Governance Explainer Board evaluation

Board evaluation

In April, Brian McBride, the president of the Confederation of British Industry, apologised for a spate of sexual misconduct allegations and a “toxic culture” that left the business lobbying group fighting for its future.

A key part of the lobby group’s attempt to move on from this difficult episode has been a board evaluation conducted by an external expert. The aim of this process is to assist the board in assessing how it can fix its issues and ultimately deliver better governance for the organisation.

Growing area

Until 2010, board evaluations were relatively uncommon. Up to that point, boards took the view that they were answerable only to their shareholders, not to each other or to external evaluators.

But since the global financial crisis, the world has changed, and boards have increasingly started asking ‘Is it possible to do things better?’ The UK Corporate Governance Code recommends that boards conduct an internal review every year, bolstered with an external review – done by an independent firm – every three years.

The latest proposed update to the Code recommends renaming board evaluations as ‘board performance reviews’. It may appear a semantic change, but it is meant to indicate an ongoing process, rather than a backwards-looking form of external assurance.

The board evaluation process is evolving at many companies, and a compliance-oriented ‘box-ticking’ exercise is increasingly seen as insufficient – although unfortunately, some board members may continue to view board evaluation in that way.

However, the experiences of Wirecard, the German payments processor, and Carillion, the UK construction group, provide a salutary lesson. Both posted glowing board effectiveness assessments in their annual reports shortly before they imploded.

Enlightened institutional investors, board members and executives increasingly demand more robust board evaluation practices. In 2022, 52% of companies in the S&P 500 disclosed that they conducted a combination of full board, committee, and individual director evaluations, up from only 37% in 2018.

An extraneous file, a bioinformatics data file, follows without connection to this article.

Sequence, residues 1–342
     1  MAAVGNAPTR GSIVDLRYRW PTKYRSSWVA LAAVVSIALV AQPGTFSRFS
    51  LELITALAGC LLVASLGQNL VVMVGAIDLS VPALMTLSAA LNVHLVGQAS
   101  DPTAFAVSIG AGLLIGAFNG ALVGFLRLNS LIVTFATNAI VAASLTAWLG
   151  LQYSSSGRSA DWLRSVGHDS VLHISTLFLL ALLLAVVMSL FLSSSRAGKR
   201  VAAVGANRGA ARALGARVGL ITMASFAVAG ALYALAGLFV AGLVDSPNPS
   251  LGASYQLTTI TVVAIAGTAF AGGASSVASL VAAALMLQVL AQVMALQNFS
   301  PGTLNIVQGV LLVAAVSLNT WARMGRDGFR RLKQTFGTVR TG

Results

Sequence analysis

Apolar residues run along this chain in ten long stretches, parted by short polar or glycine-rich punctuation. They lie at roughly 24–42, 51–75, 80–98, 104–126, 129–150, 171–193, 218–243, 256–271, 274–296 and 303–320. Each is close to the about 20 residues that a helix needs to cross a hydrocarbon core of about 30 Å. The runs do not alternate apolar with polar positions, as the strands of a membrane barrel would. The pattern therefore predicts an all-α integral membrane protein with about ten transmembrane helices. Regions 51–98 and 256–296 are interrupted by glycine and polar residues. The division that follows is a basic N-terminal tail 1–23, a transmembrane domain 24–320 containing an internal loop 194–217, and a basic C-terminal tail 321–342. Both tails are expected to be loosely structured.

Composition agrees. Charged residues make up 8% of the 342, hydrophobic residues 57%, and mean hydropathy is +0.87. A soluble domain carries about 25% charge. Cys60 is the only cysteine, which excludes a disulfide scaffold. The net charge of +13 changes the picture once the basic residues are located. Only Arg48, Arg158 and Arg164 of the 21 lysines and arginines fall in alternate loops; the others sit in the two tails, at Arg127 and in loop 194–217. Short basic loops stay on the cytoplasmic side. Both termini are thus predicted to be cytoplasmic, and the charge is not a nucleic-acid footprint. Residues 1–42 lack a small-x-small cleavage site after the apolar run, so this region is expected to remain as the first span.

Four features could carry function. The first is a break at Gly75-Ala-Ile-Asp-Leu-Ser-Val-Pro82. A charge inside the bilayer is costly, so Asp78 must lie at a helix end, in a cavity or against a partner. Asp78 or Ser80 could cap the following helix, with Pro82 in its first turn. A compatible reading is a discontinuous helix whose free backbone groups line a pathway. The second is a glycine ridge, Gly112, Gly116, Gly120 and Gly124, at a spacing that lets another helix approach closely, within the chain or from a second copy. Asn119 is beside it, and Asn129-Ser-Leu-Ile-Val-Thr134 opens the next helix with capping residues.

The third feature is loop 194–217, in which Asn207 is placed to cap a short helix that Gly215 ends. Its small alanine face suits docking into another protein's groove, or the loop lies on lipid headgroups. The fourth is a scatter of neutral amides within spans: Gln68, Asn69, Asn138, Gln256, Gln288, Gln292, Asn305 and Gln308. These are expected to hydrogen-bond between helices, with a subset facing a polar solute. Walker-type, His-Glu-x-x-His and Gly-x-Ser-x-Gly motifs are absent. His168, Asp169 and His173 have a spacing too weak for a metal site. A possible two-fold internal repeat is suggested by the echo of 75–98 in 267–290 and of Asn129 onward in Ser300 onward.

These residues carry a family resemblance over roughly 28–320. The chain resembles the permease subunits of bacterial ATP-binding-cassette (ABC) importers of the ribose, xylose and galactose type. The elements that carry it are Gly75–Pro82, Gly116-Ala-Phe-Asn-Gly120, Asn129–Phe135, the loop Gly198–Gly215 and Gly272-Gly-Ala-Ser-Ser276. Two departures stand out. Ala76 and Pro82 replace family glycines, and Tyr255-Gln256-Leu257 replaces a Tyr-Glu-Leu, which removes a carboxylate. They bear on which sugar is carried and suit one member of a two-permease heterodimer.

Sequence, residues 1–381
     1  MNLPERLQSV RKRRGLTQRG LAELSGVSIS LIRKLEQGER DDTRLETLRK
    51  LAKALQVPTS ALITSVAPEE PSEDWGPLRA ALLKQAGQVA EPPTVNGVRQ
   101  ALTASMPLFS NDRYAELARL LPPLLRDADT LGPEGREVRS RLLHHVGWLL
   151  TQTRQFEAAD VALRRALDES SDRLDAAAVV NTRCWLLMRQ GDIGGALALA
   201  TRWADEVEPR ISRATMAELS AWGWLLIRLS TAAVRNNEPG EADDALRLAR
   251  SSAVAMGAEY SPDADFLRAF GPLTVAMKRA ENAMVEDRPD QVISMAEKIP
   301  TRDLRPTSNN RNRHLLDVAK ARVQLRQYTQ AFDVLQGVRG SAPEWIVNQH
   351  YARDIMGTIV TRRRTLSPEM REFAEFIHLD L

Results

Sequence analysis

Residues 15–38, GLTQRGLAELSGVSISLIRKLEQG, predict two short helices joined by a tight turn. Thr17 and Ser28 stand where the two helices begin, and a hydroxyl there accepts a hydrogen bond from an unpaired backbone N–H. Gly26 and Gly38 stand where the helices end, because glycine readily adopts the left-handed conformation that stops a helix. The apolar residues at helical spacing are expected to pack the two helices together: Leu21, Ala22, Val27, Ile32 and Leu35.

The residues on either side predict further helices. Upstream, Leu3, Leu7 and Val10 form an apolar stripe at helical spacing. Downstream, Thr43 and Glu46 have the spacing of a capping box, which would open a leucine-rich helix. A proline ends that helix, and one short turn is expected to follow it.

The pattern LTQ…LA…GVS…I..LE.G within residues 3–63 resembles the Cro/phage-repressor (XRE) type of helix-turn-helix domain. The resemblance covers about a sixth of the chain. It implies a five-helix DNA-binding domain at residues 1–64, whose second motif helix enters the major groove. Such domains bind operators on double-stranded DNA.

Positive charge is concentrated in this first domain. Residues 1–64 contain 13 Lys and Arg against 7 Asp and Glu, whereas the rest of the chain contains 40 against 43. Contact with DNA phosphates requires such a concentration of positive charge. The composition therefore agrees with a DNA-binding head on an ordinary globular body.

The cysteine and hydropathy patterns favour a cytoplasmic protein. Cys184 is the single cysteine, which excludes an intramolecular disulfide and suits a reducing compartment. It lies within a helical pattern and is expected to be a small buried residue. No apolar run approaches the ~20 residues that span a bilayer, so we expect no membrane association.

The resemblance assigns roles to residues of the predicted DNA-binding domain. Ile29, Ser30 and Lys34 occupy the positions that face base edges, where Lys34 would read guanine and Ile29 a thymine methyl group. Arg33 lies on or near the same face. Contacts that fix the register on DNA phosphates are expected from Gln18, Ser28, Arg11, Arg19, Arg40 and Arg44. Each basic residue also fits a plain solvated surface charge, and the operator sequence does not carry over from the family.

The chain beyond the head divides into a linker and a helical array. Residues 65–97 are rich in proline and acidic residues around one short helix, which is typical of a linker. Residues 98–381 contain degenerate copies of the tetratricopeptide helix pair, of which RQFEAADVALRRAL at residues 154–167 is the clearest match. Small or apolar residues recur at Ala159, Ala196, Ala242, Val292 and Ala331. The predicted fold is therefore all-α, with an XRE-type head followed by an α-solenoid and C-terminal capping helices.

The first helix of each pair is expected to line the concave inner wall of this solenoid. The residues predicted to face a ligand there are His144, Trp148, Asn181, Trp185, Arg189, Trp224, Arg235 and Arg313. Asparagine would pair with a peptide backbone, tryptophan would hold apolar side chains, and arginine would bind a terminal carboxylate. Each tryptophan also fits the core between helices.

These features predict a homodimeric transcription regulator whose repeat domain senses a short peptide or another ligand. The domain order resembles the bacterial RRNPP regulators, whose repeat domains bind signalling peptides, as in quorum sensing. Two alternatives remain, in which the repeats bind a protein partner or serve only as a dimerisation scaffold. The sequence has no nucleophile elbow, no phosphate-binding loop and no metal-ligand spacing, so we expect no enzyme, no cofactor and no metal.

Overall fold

The IoD’s process

At the IoD, we offer independent, external board evaluations for all kinds of organisations. We have developed a robust, and flexible methodology which delivers an objective review of a board’s effectiveness.

The starting point is the IoD’s Director Competency Framework, which is built around three key areas: knowledge, skills and mindset. These are competencies that boards should exhibit both collectively and at the level of each individual director.

At the heart of the IoD evaluation approach is a self-assessment and peer review questionnaire. This has been designed to incorporate all the major aspects of a board and its committees. These standard sections cover 18 elements of board activity and are customisable to suit the sector, industry and board size of the organisation under review.

The output of this questionnaire forms the basis of a series of confidential face-to-face interviews, plus observing any meetings of the board and its committees.

Throughout the process, IoD experts review and triangulate board effectiveness indicators from multiple sources, and benchmark them against comparable organisations. This analysis is used to measure progress and provide recommendations for further improvement.

It is a pretty thorough board MOT that provides assurance to stakeholders that the board is serious about its functioning. The focus is not only on the board’s processes and procedures, but also on behavioural dynamics within the boardroom.

Given the central role that boards play in the performance of any organisation, board evaluations are here to stay and now a represent a key driver of good corporate governance.

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